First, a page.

<{POST_SNAPBACK}>


Excellent point, about the jitter now on ebay!. I own a beaulieu 4008 and 7008 ( dont use the 4008 now ). i have noticed that the beaulieu gates are rough as old boots, not smooth like the leicina and canon cams i have. Will a rough gate cause jitter, it surely cannot allow for smooth film transit. Recently used the same batch of k40 thru the leicina special and beaulieu 7008, the 7008 images are very jumpy compared to the special, so much so the 7008 is off for another service/checking, 6 months and ten film after its last service. I do wonder if this jitter thing is to do with the camera in some way or form. Yes there was that dodgy batch of cartridges, i wonder if indeed poor kodak have been taking the blame for our dodgy cameras. Andy
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#13 sparky

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Posted 13 September 2005 - 02:29 PM

Hi Andy,
My B2008 has a dull looking gate, not plated like many, or smooth like the coated Leicina, but is polished where it counts- on the rails that the film runs against. It had black spots on those when I first got it and I had to be quite firm with a wooden tooth pick and isopropanol to remove these deposits- in fact I'm not sure if they were emulsion build ups or oxidation of the aluminium gate, but they are smoothed away now! I now always check the gate of new cameras under a microscope and burnish it if necessary with a tooth pick to make sure its spotless. I'm sure it could cause problems if it isn't, and thats apart from scratching! Could you check the feel of the take up drive dog of your B7008 before you send it for servicing- is it stiffer than your other cameras?

Mark

Recently used the same batch of k40 thru the leicina special and beaulieu 7008, the 7008 images are very jumpy compared to the special, so much so the 7008 is off for another service/checking, 6 months and ten film after its last service. I do wonder if this jitter thing is to do with the camera in some way or form. Yes there was that dodgy batch of cartridges, i wonder if indeed poor kodak have been taking the blame for our dodgy cameras. Andy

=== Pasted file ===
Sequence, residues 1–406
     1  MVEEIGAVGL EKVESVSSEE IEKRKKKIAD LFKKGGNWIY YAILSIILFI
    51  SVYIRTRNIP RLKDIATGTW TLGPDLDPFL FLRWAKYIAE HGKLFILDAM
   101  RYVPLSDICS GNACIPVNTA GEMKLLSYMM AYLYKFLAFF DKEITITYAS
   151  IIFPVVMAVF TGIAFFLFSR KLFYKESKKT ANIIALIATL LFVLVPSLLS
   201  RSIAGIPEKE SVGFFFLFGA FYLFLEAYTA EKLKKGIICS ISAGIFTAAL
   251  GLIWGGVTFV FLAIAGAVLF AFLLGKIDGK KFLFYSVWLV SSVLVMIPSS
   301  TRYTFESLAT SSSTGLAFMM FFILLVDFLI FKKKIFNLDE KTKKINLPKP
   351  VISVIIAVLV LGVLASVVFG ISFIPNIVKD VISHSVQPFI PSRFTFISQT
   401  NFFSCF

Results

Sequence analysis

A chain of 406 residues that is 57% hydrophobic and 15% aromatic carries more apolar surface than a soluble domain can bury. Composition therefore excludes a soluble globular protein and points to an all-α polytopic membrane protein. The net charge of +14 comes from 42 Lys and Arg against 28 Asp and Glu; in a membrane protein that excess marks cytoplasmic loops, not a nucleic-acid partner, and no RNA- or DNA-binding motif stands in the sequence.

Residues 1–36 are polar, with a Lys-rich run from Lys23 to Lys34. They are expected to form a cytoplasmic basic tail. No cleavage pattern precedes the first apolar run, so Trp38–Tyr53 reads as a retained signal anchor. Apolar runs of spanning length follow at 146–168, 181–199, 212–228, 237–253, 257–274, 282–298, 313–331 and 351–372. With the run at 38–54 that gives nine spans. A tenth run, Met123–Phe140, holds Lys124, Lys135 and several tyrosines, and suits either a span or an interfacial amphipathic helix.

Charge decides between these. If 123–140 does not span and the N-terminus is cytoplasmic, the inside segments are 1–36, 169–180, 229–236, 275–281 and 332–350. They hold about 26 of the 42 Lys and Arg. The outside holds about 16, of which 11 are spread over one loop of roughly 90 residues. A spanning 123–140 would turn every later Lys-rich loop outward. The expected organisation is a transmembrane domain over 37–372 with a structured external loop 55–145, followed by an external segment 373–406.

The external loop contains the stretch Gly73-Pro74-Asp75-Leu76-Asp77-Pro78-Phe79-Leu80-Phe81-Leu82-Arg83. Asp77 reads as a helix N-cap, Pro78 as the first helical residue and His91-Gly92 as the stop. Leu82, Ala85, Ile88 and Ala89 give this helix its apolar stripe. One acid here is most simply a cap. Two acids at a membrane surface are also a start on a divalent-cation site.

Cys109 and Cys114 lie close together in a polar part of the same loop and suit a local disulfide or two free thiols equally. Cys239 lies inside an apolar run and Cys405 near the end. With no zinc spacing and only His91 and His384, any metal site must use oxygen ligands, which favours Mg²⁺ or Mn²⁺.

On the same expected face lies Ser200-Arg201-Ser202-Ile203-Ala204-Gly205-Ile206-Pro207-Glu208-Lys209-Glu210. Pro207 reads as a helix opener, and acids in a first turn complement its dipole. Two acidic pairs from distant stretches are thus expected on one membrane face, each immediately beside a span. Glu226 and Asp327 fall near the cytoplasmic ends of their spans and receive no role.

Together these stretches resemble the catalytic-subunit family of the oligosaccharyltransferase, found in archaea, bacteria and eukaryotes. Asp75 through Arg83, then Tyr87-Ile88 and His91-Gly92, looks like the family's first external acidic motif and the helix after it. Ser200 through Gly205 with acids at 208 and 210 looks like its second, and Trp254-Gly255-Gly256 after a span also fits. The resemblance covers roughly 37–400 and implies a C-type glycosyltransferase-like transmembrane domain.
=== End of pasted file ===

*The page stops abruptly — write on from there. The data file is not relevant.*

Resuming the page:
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#14 Alessandro Machi

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Posted 13 September 2005 - 02:46 PM

I would suggest that filmmakers learn how to advance the super-8 film cartridge spindle a couple of turns and see if the film moves smoothly or not. Until I hear otherwise, this could be an excellent way to know before you shoot if a film cartridge has binding issues or not.

The spindle needs to turn so that the film travels south. If the film cartridge spindle turns smoothly, that is a very good sign, in my opinon. If the film cartridge spindle is hard to turn, it's possible the cartridge may end up jittering.

The biggest problem is no one that I know besides me does this simple evaluation so when they get their film back jittery they can't even say how smoothly the film moved when they turned the spindle beforehand.
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#15 Scot McPhie

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Posted 13 September 2005 - 03:14 PM

It's not the camera because we found after a while we could recognise the sound of the weird carts and we'd pull them out and put another in and it would be fine - why would a freshly serviced camera run one cart badly and the next fine? Kodak analysed the film and agreed it wasn't the camera as well. If you've never had this jitter problem good luck to you - I hope your luck continues.

About advancing the film - it would have been good to try it - we did actually on one that jammed altogether and it made no difference - couldn't unjam it -- but anyway I just don't want to take the risk and something this risky. We didn't try it on one that sounded weird but was not jammed.

I agree with John more samples being sent it would be productive - but for me from people's reports the problem still occurs and I don't want to be the one bitten by it again

Scot
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#16 sparky

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Posted 13 September 2005 - 03:20 PM

John Pytlak quoted:

4.2 Af ter disengagement of any core antibackup
device, the cartridge shall operate with
a nominal torque of 0.85 ounce-force inch with
a permissible range of 0.5 ozf×in to 1.5 ozf×in
(6.0 ´ 10-3 newton meters with a permissible
range of 3.5 ´ 10-3 N×m to 10.6 ´ 10-3 N×m) as
applied to the cartridge (see annex A.2)....


Thats wierd- was that there before? So Alex should be able to test his carts to see if they fit the spec, and reject any that require more than 1.5ozf.in- oh but only after removing the ratchet! Sounds quite low considering the film path. But they don't specify the slipping force of the drive- perhaps its a non-issue?

Mark
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#17 sparky